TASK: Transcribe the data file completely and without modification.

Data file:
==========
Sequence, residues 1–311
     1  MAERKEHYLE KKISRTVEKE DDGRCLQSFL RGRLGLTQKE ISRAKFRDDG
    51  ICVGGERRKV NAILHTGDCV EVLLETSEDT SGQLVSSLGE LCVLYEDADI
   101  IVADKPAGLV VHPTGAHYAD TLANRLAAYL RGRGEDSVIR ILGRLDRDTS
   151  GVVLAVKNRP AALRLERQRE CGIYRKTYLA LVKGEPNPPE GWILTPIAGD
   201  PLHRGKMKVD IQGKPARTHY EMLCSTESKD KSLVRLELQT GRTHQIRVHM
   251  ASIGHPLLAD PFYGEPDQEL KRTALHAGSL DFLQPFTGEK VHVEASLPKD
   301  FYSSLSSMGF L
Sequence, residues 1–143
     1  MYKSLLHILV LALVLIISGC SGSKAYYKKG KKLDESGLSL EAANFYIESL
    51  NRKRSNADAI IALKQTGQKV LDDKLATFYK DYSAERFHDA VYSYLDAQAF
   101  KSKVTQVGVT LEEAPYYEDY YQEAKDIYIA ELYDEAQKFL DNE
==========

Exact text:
Sequence, residues 1–311
     1  MAERKEHYLE KKISRTVEKE DDGRCLQSFL RGRLGLTQKE ISRAKFRDDG
    51  ICVGGERRKV NAILHTGDCV EVLLETSEDT SGQLVSSLGE LCVLYEDADI
   101  IVADKPAGLV VHPTGAHYAD TLANRLAAYL RGRGEDSVIR ILGRLDRDTS
   151  GVVLAVKNRP AALRLERQRE CGIYRKTYLA LVKGEPNPPE GWILTPIAGD
   201  PLHRGKMKVD IQGKPARTHY EMLCSTESKD KSLVRLELQT GRTHQIRVHM
   251  ASIGHPLLAD PFYGEPDQEL KRTALHAGSL DFLQPFTGEK VHVEASLPKD
   301  FYSSLSSMGF L
Sequence, residues 1–143
     1  MYKSLLHILV LALVLIISGC SGSKAYYKKG KKLDESGLSL EAANFYIESL
    51  NRKRSNADAI IALKQTGQKV LDDKLATFYK DYSAERFHDA VYSYLDAQAF
   101  KSKVTQVGVT LEEAPYYEDY YQEAKDIYIA ELYDEAQKFL DNE